It is noteworthy that shopping patterns and behaviors are continuously evolving. New technologies like augmented reality, voice commerce, etc are gaining traction.
Brands need to understand that modern omnichannel consumers prefer a mix of both online and offline experiences.
Footfall attribution is needed to measure the performance and success (ROI) of digital marketing in bringing in traffic to brick and mortar businesses.
Check out some of these stats for more clarity.
- In a survey conducted by Bizfeel, 57% consumers preferred shopping online whereas 31% preferred visiting a showroom, and 12% used both channels.
- About 75% of grocery shoppers like to visit physical stores before closing an online purchase. (Nielsen)
- About 81% of retail shoppers conduct online research before buying. (GE Capital Retail Bank)
- About 51% consumers believe that the major drawback of online shopping is not being able to touch and feel a product. (Bizfeel)
So, why is it important to track footfall attribution?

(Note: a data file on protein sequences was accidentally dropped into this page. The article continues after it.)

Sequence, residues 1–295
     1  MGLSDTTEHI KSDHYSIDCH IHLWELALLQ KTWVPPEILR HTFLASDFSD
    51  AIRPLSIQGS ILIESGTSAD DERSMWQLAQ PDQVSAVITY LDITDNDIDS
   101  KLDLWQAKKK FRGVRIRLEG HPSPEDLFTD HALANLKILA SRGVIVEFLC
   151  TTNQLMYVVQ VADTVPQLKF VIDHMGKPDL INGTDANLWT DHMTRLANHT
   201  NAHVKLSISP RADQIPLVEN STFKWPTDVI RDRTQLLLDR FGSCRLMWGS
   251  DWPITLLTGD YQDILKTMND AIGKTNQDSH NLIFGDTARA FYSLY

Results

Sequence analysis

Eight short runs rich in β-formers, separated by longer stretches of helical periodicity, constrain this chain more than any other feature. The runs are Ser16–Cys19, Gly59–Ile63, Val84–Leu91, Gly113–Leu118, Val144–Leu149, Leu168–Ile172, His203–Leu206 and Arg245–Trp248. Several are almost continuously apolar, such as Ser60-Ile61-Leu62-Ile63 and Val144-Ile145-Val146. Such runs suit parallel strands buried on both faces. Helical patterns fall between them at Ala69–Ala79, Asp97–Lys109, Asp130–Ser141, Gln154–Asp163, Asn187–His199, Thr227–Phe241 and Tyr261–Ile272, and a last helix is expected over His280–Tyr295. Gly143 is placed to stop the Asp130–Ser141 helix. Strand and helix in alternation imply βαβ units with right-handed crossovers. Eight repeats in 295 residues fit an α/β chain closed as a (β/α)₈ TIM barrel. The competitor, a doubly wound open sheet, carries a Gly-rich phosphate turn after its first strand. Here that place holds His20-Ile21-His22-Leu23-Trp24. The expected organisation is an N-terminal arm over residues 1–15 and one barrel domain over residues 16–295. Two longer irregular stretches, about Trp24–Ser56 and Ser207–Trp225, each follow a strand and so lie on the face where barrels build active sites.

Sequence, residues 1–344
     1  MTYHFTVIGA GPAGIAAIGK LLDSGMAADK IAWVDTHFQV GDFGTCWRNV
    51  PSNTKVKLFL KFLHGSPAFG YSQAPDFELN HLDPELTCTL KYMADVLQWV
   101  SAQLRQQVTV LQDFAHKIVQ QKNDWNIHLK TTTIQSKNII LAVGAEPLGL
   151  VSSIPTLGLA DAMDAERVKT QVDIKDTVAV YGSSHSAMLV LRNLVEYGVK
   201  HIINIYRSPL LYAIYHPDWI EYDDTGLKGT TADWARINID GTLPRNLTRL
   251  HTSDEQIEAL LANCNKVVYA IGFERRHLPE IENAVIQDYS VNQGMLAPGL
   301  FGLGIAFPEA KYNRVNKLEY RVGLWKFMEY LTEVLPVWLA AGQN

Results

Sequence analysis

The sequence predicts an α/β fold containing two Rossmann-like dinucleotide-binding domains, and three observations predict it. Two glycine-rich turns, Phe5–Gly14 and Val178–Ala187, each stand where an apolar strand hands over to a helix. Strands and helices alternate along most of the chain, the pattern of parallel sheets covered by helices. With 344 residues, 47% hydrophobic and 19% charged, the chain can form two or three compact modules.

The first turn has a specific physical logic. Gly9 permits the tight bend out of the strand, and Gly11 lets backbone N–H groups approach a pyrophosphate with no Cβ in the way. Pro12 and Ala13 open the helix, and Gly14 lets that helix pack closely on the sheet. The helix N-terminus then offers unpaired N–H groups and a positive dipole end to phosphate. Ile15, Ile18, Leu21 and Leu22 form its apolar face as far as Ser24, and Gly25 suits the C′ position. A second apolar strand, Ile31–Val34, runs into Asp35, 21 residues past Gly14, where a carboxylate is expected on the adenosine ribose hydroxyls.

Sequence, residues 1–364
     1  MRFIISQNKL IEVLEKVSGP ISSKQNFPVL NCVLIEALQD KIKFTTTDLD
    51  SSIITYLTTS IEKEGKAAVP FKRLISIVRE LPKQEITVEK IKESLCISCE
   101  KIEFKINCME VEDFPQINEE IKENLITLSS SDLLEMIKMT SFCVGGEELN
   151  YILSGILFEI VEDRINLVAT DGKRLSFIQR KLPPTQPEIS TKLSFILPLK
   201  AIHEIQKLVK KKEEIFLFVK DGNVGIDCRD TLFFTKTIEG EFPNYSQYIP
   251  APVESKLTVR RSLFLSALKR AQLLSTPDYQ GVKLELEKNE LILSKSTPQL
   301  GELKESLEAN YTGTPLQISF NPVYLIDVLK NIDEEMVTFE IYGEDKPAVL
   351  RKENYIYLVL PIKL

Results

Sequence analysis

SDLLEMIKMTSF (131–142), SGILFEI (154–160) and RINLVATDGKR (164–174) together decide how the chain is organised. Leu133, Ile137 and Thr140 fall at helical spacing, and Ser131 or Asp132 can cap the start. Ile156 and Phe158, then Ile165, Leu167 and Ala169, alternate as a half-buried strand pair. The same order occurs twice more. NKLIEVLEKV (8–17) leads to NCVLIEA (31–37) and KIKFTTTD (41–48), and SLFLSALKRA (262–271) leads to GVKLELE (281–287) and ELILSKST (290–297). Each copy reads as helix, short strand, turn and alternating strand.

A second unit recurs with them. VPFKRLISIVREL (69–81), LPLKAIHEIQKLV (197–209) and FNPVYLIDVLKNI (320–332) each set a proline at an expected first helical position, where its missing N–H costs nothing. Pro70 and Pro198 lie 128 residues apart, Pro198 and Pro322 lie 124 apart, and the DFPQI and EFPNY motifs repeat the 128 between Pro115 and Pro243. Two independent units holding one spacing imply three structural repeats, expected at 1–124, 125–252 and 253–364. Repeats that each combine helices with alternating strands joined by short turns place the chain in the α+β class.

Reportedly, “only about 25% of the major retailers track store traffic”- Monigroup.com .
Now, this is where all the large retail brands fail. They forget that keeping track of footfall data helps them monitor customer behavior which in turn can help in launching personalised marketing and sales offers.
Say for example, a departmental store has a footfall of 500 visitors in a day. If 100 of them make purchases (offline) while they are in the store, the conversion rate is 20% for that day.
Since the conversion rate will be different for different days, tracking it for a period of time (a few weeks to months) will give you an accurate picture of consumer behavior on different days and times.
Integrating this data with online purchases made on the same days gives the store owner an accurate idea of the consumer behavior.
This valuable data can help you launch more aggressive marketing campaigns for those times when the visitor footfalls consistently drop.
What can retail brands do?
The best thing that retailers can do is to address the online and offline measurement gap.
Marketers need to understand the two crucial metrics here:
- Online research is often followed by showroom visits
- Store footfall is often followed by online purchases
Brands should therefore pay attention to both, mobile marketing and store footfall data to bridge the gap. A combined study of online and offline behaviors can give insights to increase the actual footfall and revenue for brick and mortar retailers.
And this is exactly where footfall attribution contributes. These solutions are specifically designed to consider digital marketing measurements and real-time retail performance.